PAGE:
Renovated Boston Row House and Providence Infill House, David Sisson Architecture
Analysts are debating the degree to which the COVID-19 pandemic has caused a mass exodus out of America’s largest cities in search of room to breathe (literally)—more room for physically-distanced social interactions and for the Zoom home offices that so many people have been forced into. Here in Rhode Island though, the median home price increased by 13 % in October 2020 over its level one year earlier, and realtors reported buyers arriving in droves from New York City and Massachusetts.
Regardless of what analysts decide, for decades now, exorbitant costs have slowly priced folks out of the country’s largest cities. Redfin’s data shows that, in 2019, even before the pandemic, people in pricey metropolitan areas searched for homes in more affordable areas more than ever before in recorded history.
Many of those searching—young to middle-aged professional as well as empty nesters—are looking to retain aspects of their urban lifestyles and enjoy big city cultural amenities. For them, the suburbs hold no appeal and they want to live in the city. This presents a dilemma in older, built-up cities like Providence and Boston, where almost every square foot has already been developed and real estate inventory is low. Newcomers have two options—1) wait for an existing building to become available, engage in a bidding war to buy it, then spend time and money renovating it; or 2) identify a difficult-to-find empty lot and build a new house.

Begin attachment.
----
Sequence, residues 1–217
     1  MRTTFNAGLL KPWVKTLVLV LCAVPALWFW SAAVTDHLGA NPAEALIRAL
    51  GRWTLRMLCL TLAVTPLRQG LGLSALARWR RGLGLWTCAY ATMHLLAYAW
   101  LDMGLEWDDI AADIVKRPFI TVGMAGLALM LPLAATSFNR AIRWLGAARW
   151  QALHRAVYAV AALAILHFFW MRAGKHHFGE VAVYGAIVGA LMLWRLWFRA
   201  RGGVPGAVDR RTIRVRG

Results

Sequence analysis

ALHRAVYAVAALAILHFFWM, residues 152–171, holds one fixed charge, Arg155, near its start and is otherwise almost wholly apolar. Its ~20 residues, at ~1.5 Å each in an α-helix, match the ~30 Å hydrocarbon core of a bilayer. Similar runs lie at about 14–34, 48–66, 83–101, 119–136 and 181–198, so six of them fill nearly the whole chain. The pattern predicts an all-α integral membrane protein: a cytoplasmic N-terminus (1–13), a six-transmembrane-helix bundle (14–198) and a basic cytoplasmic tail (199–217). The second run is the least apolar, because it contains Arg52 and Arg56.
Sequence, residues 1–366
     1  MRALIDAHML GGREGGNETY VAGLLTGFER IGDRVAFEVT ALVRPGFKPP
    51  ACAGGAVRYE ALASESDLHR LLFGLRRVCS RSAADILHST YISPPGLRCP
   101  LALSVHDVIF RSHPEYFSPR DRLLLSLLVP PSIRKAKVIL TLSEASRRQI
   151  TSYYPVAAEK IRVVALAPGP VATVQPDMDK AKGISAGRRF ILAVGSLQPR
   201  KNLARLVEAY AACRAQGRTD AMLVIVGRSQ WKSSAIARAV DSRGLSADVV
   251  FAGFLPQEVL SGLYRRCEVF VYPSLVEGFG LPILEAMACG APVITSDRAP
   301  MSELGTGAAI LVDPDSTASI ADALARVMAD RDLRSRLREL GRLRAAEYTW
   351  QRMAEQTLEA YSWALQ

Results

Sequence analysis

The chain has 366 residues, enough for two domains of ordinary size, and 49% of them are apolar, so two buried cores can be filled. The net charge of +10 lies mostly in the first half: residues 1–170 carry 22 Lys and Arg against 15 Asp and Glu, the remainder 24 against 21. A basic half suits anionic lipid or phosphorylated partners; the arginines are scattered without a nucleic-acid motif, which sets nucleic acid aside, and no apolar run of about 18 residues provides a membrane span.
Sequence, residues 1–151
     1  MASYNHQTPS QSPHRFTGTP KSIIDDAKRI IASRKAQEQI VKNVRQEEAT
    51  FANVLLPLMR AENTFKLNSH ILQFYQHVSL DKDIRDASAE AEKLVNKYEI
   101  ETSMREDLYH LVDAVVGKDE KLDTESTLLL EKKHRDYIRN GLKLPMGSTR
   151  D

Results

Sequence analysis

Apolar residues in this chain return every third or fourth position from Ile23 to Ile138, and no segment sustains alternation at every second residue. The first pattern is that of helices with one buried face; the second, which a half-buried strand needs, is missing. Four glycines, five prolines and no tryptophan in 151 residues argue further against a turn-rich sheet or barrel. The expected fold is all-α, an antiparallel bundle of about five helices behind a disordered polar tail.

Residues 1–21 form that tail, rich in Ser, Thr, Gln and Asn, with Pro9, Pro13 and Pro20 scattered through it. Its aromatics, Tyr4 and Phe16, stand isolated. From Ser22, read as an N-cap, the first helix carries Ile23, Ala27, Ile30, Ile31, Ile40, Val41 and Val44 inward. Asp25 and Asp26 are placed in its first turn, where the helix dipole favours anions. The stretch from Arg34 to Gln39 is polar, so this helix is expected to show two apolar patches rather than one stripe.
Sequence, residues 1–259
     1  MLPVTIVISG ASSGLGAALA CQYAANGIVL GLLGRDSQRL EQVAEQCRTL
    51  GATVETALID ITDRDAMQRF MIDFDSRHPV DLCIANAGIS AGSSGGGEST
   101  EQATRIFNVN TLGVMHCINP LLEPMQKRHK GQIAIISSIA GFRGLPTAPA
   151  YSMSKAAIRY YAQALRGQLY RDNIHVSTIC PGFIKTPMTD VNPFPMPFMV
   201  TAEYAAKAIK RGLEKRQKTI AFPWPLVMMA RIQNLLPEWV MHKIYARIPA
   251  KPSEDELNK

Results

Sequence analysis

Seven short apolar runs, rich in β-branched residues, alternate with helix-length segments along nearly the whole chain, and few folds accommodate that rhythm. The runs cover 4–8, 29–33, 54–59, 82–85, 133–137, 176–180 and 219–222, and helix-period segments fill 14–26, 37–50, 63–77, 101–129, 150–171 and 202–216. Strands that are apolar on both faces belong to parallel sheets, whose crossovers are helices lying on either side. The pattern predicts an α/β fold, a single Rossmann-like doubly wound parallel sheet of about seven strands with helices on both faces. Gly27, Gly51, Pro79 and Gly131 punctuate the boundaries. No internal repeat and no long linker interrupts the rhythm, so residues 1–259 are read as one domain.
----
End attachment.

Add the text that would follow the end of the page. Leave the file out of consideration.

Planners and architects call the second approach “infill”. Many people assume that it is impossible to find an empty lot in the city. But, with some research and perseverance, it is possible to find a diamond in the rough. Realtors can be asked to look for empty lots in specific parts of the city. A prospective owner can also look for empty lots by searching on Google Maps (satellite view) or driving through the neighborhood. With the address for the empty lot handy, a search on the city’s online tax assessor database (usually considered free public information) will yield the current owner of the property and information about how the land is zoned. An architect can help prospective buyers interpret this information and evaluate if the desired house can be built on the lot. Even in cases where zoning may not appear suitable—where, for example, a lot is smaller than the size typically required for new residential construction—an architect can approach the Building Department to gauge the likelihood of receiving a variance (an approved exception to zoning or build code rules). Progressive building departments often do want empty lots used, so they are likely to give permission (with certain conditions). Armed with this knowledge, you can make an informed decision about buying the lot, and collaborate with an architect to create an urban home of your liking.